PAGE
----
2018-19 Taylor/Blakeslee Fellows bring varied backgrounds to science writing
Five women with backgrounds ranging from astronomy, mathematics and biology to investigative journalism and film have been awarded prestigious Taylor/Blakeslee University Fellowships from the Council for the Advancement of Science Writing supporting graduate study in science writing.
The Fellows will each receive a $5,000 award for the 2018-19 academic year, bringing to 161 the number of science writers aided by CASW’s graduate fellowships since 1981.
Chosen from a field of 28 outstanding applicants were:
Erika Carlson (@erikakcarlson) (pictured above). Carlson, who will finish her master’s degree in astronomy at the University of Wisconsin–Madison in May, earned her bachelor’s degree in physics at Pomona College in 2015. “I want to write compelling, multifaceted feature stories that capture the human aspects of science, that touch my readers and stay with them in some way,” she told the fellowship judges. Interested in writing science news as well as magazine features, Carlson will enter the science communication graduate program at the University of California at Santa Cruz in the fall.
Susan D’Agostino (@susan_dagostino). D’Agostino was a mathematics professor at Southern New Hampshire University and has served on the New Hampshire Governor’s STEM Education Task Force. She was motivated to pursue science writing after learning about and managing a medical condition she experienced and is particularly interested in the interplay between medicine and society. “As part of my coursework, I am eager to engage with doctors, biomedical researchers, and medical journalists at the Johns Hopkins Hospital in Baltimore for a medical writing residency called Medicine in Action,” she said. D’Agostino has a doctorate in mathematics from Dartmouth College, an MFA in nonfiction from Southern New Hampshire University, a master’s in teaching mathematics from Smith College and a bachelor’s in anthropology from Bard College. She begins her medical writing residency this summer and the science writing graduate program at Johns Hopkins University in the fall.
Eva Frederick (@evacharlesanna) graduated from the University of Texas at Austin in 2017 with bachelor’s degrees in biology and journalism. As a student she worked in a lab studying the bacteria living in the guts of honeybees and wrote for The Daily Texan, UT’s student newspaper. She also served as The Texan’s science and technology editor and managing editor. Frederick is currently teaching children about native plants at the Lady Bird Johnson Wildflower Center in Austin. “Through a career as a science journalist I want to encourage scientific literacy in people of all walks of life,” she said. “I want to promote the ability to understand and contextualize science principles and concepts, because this is invaluable to a healthy, informed society.” She plans to enroll in the graduate program in science writing at MIT.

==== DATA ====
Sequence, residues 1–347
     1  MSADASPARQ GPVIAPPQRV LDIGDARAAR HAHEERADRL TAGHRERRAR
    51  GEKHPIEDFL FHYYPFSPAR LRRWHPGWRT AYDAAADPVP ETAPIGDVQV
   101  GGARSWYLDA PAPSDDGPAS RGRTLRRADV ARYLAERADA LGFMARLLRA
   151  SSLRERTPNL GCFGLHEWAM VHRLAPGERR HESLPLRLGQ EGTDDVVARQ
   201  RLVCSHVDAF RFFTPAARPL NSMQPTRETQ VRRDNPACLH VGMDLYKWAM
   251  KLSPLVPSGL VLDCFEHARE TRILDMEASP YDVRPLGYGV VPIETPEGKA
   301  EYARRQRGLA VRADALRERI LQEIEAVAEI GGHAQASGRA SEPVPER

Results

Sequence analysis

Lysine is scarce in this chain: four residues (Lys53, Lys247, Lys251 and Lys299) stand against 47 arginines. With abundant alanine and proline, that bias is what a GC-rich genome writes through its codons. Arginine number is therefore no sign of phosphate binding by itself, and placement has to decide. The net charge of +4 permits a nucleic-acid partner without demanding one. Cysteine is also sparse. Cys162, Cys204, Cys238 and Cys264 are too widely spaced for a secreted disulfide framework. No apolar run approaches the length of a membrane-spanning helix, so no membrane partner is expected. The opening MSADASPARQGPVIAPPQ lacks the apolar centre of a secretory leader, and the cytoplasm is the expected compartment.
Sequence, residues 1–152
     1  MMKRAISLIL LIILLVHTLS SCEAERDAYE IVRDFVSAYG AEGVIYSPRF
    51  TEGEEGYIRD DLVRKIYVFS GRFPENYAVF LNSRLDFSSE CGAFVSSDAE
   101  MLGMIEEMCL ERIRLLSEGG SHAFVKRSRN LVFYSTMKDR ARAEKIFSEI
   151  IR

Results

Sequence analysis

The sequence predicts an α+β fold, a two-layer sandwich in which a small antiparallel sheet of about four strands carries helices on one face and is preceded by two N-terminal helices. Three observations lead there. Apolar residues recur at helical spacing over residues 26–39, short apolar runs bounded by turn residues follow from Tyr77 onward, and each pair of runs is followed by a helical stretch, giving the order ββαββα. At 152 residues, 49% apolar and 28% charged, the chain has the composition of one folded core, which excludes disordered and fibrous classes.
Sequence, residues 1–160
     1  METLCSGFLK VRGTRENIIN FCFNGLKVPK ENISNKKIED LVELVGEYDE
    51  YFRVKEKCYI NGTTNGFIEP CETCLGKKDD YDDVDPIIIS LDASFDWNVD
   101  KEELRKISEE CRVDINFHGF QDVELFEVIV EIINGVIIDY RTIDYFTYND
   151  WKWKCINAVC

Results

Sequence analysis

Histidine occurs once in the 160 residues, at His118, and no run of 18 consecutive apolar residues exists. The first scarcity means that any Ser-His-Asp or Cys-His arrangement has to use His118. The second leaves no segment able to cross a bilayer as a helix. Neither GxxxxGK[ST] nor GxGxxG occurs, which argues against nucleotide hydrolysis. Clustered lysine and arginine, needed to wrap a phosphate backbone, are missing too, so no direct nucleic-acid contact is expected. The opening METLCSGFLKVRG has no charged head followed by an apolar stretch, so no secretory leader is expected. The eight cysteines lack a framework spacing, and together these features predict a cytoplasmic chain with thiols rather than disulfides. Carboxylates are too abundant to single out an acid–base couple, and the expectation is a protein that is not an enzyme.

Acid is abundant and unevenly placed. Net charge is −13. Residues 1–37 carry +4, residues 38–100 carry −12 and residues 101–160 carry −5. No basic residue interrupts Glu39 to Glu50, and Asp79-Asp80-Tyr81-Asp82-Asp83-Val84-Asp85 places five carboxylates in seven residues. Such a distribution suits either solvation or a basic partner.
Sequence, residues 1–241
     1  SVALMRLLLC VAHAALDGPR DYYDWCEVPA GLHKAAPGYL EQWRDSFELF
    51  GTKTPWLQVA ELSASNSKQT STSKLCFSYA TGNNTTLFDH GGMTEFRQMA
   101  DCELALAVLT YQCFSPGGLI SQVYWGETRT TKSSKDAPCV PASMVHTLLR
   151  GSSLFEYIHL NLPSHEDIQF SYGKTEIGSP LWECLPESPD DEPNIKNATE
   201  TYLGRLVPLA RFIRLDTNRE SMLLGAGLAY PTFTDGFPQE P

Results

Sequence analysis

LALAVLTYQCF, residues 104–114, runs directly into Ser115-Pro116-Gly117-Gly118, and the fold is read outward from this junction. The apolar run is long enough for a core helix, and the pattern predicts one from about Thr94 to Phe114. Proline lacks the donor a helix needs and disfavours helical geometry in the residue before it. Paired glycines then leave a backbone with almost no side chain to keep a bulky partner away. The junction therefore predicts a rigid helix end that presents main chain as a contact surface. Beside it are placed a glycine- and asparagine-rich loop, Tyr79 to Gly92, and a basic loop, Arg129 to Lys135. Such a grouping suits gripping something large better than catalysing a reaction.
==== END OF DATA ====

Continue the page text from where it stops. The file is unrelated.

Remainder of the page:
Susie Neilson (@susieneilson). After graduating from Northwestern in 2015, Neilson published stories in Nautilus, Newsweek, and The New Yorker on topics ranging from the psychological impact of wearing a prison uniform to the drug-like benefits of noise. “I aim to be a journalist who uses science to produce impactful, institution-challenging stories,” she said. “In particular I want to document the impact that unbridled growth and consumerism has on the environment and public health.” Currently pursuing a master’s in journalism at UC Berkeley, she will spend the summer completing an internship with the science investigation team at the Center for Investigative Reporting.
Emily Pontecorvo (@emilypont). Pontecorvo is a writer and multimedia producer based in New York City. She graduated from Wesleyan University in 2011 with a degree in film and worked in the film industry for five years before deciding to pivot to journalism. As a science writer, she hopes to advance public literacy around environmental issues and climate change. “I believe that narrative is the best tool we have to teach and to learn, to challenge the most firmly held beliefs and inspire change,” she told the judges. She is currently a podcast producer at Gizmodo and begins the graduate program in science writing at MIT this fall.
CASW’s graduate fellowships are underwritten by a grant from The Brinson Foundation, a Chicago-based philanthropic organization. They honor the late Rennie Taylor and Alton Blakeslee, science writer and science editor respectively for the Associated Press. More information may be found on this page.